Former Chattanooga Mayor and U.S. Sen. Bob Corker, in leading a group of elected officials to persuade Tennessee voters to approve a measure that would remove slavery language from the state constitution, is following the Republican footsteps of the state's first post-Civil War governor.
William G. Brownlow, who took office a few days before the official end of the Civil War, helped Tennessee become the first former Confederate state to be readmitted to the Union, the first Southern state (and third overall) to ratify the 14th Amendment (essentially granting former slaves equal protection of the laws) and the only Southern state to escape the often harsh military rule imposed by Congress.
He also sought to give freedmen the vote and helped push the bill guaranteeing such through the state General Assembly in 1867, two years before the 15th Amendment, which granted Black men the right to vote.
Corker's job is somewhat simpler.
He and a bipartisan coalition of elected leaders want to amend the Tennessee Constitution, which now reads: "That slavery and involuntary servitude, except as punishment for a crime, whereof the party shall have been duly convicted, are forever prohibited by this State."
The change would remove the words "except as punishment for a crime, whereof the party shall have been duly convicted." So the constitution then would read: "That slavery and involuntary servitude are forever prohibited by this State."
Simple, correct - what it should be.
The amendment does not remove prison work programs, job training or community service time that may be given as part of a sentence to someone convicted of a crime, and it is supported by the Tennessee Department of Corrections. It simply removes from the constitution a phrase that is essentially slavery by another name.
Voters in November who want to remove the wording should vote "yes" on the amendment. The catch is that the voter also has to vote in the governor's race or for a write-in candidate. If a voter doesn't vote in the governor's race, that person's vote to get rid of the slavery wording won't count.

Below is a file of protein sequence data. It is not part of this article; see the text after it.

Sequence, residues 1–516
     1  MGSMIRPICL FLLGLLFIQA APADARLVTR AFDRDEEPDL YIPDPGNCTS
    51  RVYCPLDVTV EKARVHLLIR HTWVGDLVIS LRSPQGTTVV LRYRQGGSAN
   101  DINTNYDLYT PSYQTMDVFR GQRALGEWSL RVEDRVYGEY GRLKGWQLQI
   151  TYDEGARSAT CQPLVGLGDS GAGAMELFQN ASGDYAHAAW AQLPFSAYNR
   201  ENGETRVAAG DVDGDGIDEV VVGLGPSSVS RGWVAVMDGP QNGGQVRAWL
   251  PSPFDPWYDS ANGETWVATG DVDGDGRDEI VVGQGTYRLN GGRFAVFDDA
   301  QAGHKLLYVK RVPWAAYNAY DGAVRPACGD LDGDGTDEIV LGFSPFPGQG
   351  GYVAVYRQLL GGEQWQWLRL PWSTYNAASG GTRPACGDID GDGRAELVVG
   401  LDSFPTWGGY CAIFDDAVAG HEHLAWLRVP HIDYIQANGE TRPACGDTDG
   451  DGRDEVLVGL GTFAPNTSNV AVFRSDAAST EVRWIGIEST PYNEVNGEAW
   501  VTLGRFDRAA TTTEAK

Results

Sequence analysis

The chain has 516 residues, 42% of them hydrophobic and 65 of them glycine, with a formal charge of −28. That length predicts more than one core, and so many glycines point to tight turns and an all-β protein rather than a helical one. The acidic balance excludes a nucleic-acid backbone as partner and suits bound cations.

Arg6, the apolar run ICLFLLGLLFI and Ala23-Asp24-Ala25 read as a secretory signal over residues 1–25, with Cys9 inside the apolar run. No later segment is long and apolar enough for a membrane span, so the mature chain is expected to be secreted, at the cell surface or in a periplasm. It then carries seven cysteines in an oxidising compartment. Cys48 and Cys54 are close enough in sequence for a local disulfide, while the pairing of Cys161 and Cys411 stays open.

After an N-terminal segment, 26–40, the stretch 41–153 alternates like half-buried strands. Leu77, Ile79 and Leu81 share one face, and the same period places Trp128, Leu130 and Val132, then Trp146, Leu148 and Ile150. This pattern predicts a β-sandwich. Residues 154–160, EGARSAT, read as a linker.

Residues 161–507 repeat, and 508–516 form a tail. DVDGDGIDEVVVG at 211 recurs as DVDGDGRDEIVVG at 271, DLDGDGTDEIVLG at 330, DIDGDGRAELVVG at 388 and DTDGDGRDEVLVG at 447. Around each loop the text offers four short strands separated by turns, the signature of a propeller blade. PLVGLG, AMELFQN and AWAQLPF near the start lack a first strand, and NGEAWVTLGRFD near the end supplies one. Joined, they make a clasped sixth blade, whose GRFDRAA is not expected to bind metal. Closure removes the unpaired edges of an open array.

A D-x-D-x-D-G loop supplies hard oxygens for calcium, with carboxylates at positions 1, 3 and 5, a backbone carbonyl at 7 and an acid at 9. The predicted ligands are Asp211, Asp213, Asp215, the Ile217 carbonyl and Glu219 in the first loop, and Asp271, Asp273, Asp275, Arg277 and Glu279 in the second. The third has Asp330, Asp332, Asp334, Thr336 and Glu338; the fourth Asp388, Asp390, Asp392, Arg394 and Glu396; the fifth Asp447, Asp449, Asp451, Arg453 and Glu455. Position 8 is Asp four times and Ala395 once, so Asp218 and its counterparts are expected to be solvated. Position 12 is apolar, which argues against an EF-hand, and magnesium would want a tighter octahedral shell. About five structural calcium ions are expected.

To be included on the upcoming ballot, the measure was passed as a state Senate joint resolution in 2019 and 2021, as required by law, with overwhelming bipartisan support.
Tennessee would be the fourth state to ratify such an amendment, joining Colorado, Nebraska and Utah, in erasing language that still - somehow - remains in the U.S. Constitution's 13th Amendment.
Corker has dealt with the issue of slavery before - modern slavery.
In 2015, as chairman of the Senate Foreign Relations Committee, he and ranking Democrat Robert Menendez, D-N.J., introduced legislation to create an effort to work with the private sector and foreign governments to help eliminate forced labor and sexual servitude around the world.
"Today more than 27 million people, many of them women and children, suffer in over 165 countries around the world, including our own," Corker said at the time. "As I have seen firsthand, the stark reality of modern slavery is unconscionable, demanding the United States and civilized world make a commitment to end it for good."
The bill didn't receive a full Senate vote in 2015, but the End Modern Slavery Initiative finally was passed as part of the National Defense Authorization Act of 2017.
"By providing strong U.S. leadership and leveraging our limited foreign aid dollars," Corker said upon passage, "this initiative will work with foreign governments and philanthropic organizations to match the funding being provided by the U.S. and create a coordinated effort to implement best practices to stop this crime of opportunity from occurring."
Progress of the initiative, it was said at the time, would be tracked against baseline data with a goal of achieving a 50% reduction in slavery. Projects that fail to meet goals would be suspended or terminated.
To date, the Global Fund To End Modern Slavery - created through the bill - has directly impacted 88,000 lives, according to its website.
Corker, as quoted by Tennessee Lookout, referred to the modern slavery bill in accepting the leadership position for "Vote Yes on 3."
"Working with others," he said, "we passed legislation to begin to counter [modern slavery] in a more effective way. I think it is more than timely to strike any reference to slavery from our state constitution, and I appreciate the work of those leading the effort to do so."
Corker has more in common with Brownlow - the former governor who is seen as a controversial figure by some historians for his "undemocratic methods" - than efforts to end slavery. In 1869, the governor was selected to fill a seat in the United States Senate. It would be the same seat Corker would win 147 years later.
We would urge voters to join with Corker and end this vestige of slavery - however unacted upon it is today - in our constitution.